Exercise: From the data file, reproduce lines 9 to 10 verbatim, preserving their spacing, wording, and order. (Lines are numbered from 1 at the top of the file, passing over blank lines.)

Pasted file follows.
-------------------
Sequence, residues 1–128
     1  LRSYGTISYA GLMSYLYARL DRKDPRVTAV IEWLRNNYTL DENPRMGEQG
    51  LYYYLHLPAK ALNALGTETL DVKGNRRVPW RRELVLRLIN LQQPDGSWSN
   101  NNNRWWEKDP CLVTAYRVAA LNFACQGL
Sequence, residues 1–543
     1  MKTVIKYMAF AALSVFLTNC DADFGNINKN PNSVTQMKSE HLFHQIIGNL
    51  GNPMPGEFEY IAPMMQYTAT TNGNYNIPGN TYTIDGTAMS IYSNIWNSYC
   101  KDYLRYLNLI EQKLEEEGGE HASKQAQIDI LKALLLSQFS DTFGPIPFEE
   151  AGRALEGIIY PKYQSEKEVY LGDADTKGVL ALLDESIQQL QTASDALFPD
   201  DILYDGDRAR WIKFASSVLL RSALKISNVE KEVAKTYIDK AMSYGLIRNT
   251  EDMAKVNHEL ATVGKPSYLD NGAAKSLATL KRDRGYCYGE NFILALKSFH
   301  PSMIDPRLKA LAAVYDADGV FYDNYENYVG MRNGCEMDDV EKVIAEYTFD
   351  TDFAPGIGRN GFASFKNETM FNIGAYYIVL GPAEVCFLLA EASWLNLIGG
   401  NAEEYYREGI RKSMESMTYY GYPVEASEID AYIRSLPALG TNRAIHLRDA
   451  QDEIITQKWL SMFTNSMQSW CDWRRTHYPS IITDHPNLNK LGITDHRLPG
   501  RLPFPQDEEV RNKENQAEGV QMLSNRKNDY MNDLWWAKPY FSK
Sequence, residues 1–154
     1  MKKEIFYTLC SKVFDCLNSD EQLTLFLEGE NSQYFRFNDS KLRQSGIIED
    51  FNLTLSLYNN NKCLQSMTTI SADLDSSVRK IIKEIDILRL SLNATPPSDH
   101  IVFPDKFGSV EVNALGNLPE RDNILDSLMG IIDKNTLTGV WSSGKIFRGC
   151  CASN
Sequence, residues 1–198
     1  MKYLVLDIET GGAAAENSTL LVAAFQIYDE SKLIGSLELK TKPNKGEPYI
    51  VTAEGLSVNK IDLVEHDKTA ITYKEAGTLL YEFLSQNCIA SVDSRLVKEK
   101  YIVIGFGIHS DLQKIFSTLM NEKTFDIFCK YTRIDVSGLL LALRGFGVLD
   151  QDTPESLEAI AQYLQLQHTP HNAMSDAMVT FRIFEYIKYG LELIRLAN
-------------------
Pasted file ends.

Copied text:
   151  AGRALEGIIY PKYQSEKEVY LGDADTKGVL ALLDESIQQL QTASDALFPD
   201  DILYDGDRAR WIKFASSVLL RSALKISNVE KEVAKTYIDK AMSYGLIRNT